Rural Flooding: The Potential Role of Forestry Rural Flooding: The Potential Role of Forestry Nadeem Shah, Tom Nisbet, & Huw Thomas Centre for Forestry and Climate Change Structure Background Woodland and Flood Alleviation The Theory. Studies on Woodland

More information

Irish National Hydrology Conference 2008

Irish National Hydrology Conference 2008 A SPATIAL UNDERSTANDING OF SIGNIFICANT FLOOD RISK IN NORTHERN IRELAND USING SOCIAL, ECONOMIC AND ENVIRONMENTAL FLOOD RISK METRICS BASED ON FLUVIAL, COASTAL, PLUVIAL AND HISTORICAL FLOODING Barry Hankin,

More information

DECISION PROCESS AND OPTIMIZATION RULES FOR SEISMIC RETROFIT PROGRAMS. T. Zikas 1 and F. Gehbauer 2

DECISION PROCESS AND OPTIMIZATION RULES FOR SEISMIC RETROFIT PROGRAMS. T. Zikas 1 and F. Gehbauer 2 International Symposium on Strong Vrancea Earthquakes and Risk Mitigation Oct. 4-6, 2007, Bucharest, Romania DECISION PROCESS AND OPTIMIZATION RULES FOR SEISMIC RETROFIT PROGRAMS T. Zikas 1 and F. Gehbauer

More information

Minnesota State Plan Review Level 2 Hazus-MH 2.1 County Model for Flooding Dakota County Evaluation

Minnesota State Plan Review Level 2 Hazus-MH 2.1 County Model for Flooding Dakota County Evaluation Overview Minnesota State Plan Review Level 2 Hazus-MH 2.1 County Model for Flooding Dakota County Evaluation Minnesota Homeland Security and Emergency Management (HSEM) is responsible for supporting activities

More information

FCD in the real world system capabilities and applications

FCD in the real world system capabilities and applications 19th ITS World Congress, Vienna, Austria, 22/26 October 2012 EU-00040 FCD in the real world system capabilities and applications Anita Graser 1*, Melitta Dragaschnig 1, Wolfgang Ponweiser 1, Hannes Koller

More information

Review article Assessment of economic flood damage

Review article Assessment of economic flood damage Nat. Hazards Earth Syst. Sci., 10, 1697 1724, 2010 doi:10.5194/nhess-10-1697-2010 Author(s) 2010. CC Attribution 3.0 License. Natural Hazards and Earth System Sciences Review article Assessment of economic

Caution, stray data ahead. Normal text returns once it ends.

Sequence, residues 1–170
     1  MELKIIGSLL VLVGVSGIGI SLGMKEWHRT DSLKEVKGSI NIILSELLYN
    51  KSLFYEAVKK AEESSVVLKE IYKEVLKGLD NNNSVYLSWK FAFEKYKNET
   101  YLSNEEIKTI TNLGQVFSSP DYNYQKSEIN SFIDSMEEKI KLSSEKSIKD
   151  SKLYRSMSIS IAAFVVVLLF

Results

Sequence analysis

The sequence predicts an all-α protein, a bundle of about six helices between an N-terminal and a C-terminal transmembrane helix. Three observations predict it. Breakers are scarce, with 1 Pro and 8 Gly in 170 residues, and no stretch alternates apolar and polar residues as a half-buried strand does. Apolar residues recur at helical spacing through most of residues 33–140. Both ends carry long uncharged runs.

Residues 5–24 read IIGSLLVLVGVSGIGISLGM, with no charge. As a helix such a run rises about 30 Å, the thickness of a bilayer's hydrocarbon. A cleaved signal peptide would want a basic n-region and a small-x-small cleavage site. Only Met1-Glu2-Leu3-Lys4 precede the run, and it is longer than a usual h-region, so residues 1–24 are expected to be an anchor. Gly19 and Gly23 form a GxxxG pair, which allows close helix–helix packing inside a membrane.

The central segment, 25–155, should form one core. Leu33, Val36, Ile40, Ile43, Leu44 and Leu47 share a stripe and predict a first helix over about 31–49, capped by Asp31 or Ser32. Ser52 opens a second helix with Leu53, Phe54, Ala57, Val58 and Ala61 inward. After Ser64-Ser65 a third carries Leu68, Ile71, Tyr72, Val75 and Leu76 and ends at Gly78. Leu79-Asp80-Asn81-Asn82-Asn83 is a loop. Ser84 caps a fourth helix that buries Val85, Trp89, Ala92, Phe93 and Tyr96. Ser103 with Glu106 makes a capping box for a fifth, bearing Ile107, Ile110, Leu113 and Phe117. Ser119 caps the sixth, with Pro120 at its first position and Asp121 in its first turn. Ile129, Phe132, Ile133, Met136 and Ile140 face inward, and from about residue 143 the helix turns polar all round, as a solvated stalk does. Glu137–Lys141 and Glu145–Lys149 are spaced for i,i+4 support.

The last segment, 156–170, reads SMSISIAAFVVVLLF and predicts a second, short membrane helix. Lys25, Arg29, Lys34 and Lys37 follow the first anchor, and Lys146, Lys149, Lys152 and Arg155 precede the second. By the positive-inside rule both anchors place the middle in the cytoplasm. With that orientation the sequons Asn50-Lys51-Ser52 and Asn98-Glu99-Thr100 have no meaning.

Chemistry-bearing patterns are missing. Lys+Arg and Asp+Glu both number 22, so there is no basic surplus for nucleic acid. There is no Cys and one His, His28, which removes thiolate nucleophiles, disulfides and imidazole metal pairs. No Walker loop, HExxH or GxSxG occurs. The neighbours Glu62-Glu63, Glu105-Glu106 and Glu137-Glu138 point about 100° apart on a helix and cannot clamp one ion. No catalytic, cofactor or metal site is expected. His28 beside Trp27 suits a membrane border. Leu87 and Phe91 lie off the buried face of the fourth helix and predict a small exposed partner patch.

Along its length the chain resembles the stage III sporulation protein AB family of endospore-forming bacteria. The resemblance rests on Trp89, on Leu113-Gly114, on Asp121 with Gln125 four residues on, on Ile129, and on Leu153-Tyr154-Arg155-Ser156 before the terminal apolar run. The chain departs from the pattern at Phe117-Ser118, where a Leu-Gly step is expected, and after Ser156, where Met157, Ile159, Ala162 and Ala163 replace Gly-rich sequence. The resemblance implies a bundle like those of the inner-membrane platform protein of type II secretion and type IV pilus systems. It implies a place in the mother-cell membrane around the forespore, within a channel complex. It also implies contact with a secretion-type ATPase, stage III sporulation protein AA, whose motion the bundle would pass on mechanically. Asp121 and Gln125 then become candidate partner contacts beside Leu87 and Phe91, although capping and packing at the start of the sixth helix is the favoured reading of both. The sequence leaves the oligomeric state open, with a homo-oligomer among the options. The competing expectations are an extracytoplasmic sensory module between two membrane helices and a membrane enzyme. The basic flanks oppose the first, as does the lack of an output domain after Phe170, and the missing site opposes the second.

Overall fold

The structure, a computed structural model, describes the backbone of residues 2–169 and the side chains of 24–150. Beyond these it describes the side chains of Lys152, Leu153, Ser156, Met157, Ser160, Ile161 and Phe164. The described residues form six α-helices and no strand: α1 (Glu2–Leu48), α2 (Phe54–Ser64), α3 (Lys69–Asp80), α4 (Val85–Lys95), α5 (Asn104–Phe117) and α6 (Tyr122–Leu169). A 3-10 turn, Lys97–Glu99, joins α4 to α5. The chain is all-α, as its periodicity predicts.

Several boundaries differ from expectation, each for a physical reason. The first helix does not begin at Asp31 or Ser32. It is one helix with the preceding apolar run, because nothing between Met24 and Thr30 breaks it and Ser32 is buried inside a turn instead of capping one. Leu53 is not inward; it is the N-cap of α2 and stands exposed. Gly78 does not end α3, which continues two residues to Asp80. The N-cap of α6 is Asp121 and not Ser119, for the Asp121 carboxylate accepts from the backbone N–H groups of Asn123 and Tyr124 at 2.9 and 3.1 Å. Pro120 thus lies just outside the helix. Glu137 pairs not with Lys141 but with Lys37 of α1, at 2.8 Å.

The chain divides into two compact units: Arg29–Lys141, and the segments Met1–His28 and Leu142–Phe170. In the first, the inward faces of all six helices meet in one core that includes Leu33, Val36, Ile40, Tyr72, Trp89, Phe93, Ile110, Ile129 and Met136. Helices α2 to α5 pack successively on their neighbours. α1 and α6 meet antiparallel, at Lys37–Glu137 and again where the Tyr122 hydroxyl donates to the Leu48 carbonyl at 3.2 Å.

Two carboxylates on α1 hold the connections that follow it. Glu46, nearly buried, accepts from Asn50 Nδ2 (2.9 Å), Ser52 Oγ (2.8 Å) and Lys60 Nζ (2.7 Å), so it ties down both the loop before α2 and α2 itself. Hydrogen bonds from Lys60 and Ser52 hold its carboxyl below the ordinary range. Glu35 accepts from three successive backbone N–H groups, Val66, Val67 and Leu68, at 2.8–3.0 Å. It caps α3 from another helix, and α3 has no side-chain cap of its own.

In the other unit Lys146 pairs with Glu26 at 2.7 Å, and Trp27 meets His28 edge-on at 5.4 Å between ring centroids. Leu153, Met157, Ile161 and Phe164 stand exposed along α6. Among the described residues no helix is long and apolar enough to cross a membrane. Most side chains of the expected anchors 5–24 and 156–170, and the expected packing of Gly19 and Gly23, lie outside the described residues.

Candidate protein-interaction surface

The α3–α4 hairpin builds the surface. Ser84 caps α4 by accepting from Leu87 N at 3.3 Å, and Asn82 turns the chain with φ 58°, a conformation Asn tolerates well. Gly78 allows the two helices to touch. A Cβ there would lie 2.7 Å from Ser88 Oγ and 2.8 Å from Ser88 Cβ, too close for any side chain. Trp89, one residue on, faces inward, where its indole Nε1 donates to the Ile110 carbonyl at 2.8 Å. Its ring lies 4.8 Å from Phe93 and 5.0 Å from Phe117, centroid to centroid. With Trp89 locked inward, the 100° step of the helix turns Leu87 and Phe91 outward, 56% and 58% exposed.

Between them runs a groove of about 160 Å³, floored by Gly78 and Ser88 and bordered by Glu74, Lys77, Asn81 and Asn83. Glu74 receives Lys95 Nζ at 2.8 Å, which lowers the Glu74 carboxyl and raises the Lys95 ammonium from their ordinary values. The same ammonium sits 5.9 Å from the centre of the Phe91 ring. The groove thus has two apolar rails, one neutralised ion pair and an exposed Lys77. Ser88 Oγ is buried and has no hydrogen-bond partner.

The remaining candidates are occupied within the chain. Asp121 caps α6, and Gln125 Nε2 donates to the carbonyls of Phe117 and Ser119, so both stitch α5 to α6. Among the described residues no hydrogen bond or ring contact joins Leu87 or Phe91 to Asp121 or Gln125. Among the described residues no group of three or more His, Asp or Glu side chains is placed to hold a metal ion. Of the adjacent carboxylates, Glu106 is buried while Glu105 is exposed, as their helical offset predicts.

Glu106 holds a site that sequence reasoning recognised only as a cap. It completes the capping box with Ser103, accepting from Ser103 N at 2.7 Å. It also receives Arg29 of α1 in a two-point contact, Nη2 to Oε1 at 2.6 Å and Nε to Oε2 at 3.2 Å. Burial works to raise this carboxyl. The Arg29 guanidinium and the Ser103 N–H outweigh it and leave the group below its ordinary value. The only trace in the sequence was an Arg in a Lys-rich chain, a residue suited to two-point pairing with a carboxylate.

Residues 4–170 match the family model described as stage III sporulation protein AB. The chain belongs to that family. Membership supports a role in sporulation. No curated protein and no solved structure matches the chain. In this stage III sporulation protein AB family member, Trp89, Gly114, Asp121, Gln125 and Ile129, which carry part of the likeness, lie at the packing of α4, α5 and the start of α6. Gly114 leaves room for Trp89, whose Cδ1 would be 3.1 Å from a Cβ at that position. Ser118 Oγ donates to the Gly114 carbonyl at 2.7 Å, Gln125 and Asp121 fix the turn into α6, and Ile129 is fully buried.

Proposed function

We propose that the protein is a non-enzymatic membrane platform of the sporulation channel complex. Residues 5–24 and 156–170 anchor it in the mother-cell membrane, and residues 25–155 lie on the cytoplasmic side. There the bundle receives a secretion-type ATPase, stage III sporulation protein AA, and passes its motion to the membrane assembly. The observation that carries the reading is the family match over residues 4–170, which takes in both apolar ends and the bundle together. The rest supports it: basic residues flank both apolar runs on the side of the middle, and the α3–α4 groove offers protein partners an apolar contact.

More information

Estimation of an absolute flood damage curve based on an Austrian case study under a dam breach scenario

Estimation of an absolute flood damage curve based on an Austrian case study under a dam breach scenario Nat. Hazards Earth Syst. Sci., 1, 881 894, 21 www.nat-hazards-earth-syst-sci.net/1/881/21/ Author(s) 21. This work is distributed under the Creative Commons Attribution 3. License. Natural Hazards and

More information

CHAPTER 9 CHANNELS APPENDIX A. Hydraulic Design Equations for Open Channel Flow

CHAPTER 9 CHANNELS APPENDIX A. Hydraulic Design Equations for Open Channel Flow CHAPTER 9 CHANNELS APPENDIX A Hydraulic Design Equations for Open Channel Flow SEPTEMBER 2009 CHAPTER 9 APPENDIX A Hydraulic Design Equations for Open Channel Flow Introduction The Equations presented

More information

Sub-pixel mapping: A comparison of techniques

Sub-pixel mapping: A comparison of techniques Sub-pixel mapping: A comparison of techniques Koen C. Mertens, Lieven P.C. Verbeke & Robert R. De Wulf Laboratory of Forest Management and Spatial Information Techniques, Ghent University, 9000 Gent, Belgium

More information

Elbe flood in 2002 and 2006 in terms of emergency management